Netflix Flourished by “Unplanned” Leaps

(p. A17) Starting a business is tough enough. Why would any sane person choose to start a business in a dying industry?

One answer to that question can be found in “That Will Never Work: The Birth of Netflix and the Amazing Life of an Idea,” a charming first-person account of the early days of one of the most successful tech startups ever.

. . .

Most of Netflix’s early business came from sales of DVDs, not rentals. The struggling company even considered selling to Amazon in 1998, but passed on the offer.

In desperation, Netflix tested monthly subscriptions. To its surprise, customers eagerly forked over their credit-card details. The little company turned on a dime, dropping sales and one-off rentals almost immediately. “If you had asked me on launch day to describe what Netflix would eventually look like, I never would have come up with a monthly subscription service,” Mr. Randolph claims. Netflix’s innovation with a subscription model would point many other internet-based companies to a reliable source of revenue.

Another unplanned leap soon followed: a predictive algorithm that offered to each user individualized recommendations based on reviews by customers with similar preferences. This feature helped hook customers, but it had a less obvious benefit for Netflix: By directing the user to a less popular film that happened to be in Netflix’s inventory, it allowed the company to buy fewer of the most popular DVDs. Yet profits were elusive. Video-store giant Blockbuster, unconvinced about the online business model, turned down a chance to buy the company in 2000, and the dot-com meltdown short-circuited a public offering. In September 2001, Netflix had its first layoffs, cutting costs and steadying the ship.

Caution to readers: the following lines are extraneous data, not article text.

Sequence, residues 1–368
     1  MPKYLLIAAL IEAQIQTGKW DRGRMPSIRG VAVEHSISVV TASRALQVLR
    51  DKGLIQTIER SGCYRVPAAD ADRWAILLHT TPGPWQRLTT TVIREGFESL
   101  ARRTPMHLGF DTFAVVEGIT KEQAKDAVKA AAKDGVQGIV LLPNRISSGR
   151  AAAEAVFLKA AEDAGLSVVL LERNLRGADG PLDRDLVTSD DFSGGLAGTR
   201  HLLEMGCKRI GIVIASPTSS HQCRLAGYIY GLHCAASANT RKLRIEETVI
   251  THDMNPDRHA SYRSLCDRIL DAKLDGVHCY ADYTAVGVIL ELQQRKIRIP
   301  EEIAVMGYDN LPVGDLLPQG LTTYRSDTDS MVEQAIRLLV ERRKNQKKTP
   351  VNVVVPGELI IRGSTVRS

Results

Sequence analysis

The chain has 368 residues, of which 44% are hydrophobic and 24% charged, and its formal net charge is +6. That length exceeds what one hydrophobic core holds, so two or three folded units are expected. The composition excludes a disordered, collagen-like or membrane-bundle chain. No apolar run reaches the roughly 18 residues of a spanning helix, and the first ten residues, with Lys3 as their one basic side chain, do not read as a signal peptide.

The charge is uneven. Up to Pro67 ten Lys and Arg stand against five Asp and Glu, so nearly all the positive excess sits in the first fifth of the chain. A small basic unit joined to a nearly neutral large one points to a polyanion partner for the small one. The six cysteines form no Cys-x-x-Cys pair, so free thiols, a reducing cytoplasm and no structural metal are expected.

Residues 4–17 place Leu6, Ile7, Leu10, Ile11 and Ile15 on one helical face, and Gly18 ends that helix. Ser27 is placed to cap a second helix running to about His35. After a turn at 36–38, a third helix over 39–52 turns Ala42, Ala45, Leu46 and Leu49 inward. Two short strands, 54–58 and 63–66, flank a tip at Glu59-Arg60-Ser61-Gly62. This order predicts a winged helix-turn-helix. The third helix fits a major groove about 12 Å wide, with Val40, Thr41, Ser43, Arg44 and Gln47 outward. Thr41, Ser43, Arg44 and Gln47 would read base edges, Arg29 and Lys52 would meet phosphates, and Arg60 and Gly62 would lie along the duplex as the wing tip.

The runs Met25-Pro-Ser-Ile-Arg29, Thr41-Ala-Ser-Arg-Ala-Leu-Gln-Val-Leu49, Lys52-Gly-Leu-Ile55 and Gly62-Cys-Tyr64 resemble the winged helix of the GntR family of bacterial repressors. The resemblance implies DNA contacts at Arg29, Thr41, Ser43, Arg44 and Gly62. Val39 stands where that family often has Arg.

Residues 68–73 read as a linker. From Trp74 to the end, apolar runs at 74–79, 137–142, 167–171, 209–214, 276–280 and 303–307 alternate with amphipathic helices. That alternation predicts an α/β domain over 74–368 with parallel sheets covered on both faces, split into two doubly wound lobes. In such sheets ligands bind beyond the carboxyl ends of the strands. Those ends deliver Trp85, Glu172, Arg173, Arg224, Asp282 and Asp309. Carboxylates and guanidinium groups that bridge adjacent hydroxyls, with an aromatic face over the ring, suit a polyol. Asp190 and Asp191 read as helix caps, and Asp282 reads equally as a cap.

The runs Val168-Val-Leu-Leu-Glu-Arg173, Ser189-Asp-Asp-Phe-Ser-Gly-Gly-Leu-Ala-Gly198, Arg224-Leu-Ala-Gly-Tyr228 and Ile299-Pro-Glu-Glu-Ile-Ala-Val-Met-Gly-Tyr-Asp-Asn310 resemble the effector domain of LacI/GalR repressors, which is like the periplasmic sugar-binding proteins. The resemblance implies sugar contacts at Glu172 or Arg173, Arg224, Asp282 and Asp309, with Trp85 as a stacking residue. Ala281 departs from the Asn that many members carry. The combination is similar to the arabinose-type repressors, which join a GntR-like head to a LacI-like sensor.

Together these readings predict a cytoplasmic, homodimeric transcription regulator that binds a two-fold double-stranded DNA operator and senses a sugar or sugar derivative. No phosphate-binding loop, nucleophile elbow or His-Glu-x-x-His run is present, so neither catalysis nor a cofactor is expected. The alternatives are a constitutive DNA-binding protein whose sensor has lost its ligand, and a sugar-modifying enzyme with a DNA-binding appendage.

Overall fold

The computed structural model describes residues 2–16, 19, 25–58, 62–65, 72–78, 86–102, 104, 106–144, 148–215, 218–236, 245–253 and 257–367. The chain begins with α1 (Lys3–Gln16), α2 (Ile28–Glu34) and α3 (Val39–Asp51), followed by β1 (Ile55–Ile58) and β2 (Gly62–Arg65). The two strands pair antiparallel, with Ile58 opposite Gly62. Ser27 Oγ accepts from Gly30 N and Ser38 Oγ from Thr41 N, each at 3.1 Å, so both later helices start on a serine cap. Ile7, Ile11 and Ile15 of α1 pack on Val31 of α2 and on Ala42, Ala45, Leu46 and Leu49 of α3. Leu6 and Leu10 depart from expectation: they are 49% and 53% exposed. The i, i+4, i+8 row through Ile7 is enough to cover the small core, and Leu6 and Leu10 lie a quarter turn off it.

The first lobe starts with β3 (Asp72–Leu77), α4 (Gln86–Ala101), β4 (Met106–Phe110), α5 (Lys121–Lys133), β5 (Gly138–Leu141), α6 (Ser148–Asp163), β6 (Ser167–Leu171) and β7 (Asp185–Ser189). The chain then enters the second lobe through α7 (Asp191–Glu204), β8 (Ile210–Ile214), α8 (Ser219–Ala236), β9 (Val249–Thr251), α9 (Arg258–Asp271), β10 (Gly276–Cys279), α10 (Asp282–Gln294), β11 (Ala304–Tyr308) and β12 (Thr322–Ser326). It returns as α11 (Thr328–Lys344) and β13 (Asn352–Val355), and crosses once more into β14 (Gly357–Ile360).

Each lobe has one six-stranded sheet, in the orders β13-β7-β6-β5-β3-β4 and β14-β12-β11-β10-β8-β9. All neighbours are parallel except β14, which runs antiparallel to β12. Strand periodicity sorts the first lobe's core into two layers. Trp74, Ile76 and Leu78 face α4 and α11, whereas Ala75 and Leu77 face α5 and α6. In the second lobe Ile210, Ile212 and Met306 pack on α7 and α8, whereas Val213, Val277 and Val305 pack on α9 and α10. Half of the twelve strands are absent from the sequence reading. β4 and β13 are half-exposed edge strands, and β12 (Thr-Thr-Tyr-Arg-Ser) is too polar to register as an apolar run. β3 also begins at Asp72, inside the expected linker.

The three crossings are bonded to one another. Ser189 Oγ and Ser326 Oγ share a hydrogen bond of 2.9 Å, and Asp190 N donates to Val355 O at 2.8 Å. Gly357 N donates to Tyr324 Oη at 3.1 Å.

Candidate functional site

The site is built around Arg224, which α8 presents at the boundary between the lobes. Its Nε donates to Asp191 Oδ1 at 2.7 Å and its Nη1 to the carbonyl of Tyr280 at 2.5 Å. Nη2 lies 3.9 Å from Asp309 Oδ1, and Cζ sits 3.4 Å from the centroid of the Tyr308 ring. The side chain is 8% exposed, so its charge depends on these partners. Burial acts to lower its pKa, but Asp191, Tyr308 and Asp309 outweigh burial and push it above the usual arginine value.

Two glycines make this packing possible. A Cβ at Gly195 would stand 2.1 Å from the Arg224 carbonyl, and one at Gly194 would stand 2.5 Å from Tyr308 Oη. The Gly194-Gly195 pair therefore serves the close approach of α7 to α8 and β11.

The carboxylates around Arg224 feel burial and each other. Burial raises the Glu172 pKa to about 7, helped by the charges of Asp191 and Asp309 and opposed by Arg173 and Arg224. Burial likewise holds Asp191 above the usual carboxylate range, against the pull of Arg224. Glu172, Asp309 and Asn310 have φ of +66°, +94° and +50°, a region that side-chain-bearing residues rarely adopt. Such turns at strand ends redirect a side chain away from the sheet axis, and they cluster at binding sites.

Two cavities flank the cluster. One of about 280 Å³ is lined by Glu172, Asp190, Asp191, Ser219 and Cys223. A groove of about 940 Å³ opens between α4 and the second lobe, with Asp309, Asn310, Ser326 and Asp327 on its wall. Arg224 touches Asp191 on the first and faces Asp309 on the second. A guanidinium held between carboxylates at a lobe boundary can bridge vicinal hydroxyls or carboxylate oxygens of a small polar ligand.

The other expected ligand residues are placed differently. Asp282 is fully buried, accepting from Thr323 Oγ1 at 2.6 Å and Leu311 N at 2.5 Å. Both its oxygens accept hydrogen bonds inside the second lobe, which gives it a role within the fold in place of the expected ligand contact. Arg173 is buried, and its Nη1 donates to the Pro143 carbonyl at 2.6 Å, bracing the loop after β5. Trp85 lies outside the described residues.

Mr. Randolph himself left in 2003, not long after Netflix finally went public. By then, he says, he had figured out that he loved starting companies, not running them. “I missed the late nights and early mornings, the lawn chairs and card tables. I missed the feeling of all hands on deck, and the expectation that every day you’d be working on a problem that wasn’t strictly tied to your job description,” he writes. The chaos of a startup enthralls him. A company with hundreds of employees and the demands of quarterly reports to investors is not his thing.

For the full review, see:

Marc Levinson. “BOOKSHELF; Streaming Ahead.” The Wall Street Journal (Monday, Sept. 23, 2019): A17.

(Note: ellipsis added.)

(Note: the online version of the review has the date Sept. 22, 2019, and has the title “BOOKSHELF; ‘That Will Never Work’ Review: Streaming Ahead.”)

The book under review is:

Randolph, Marc. That Will Never Work: The Birth of Netflix and the Amazing Life of an Idea. New York: Little, Brown and Company, 2019.

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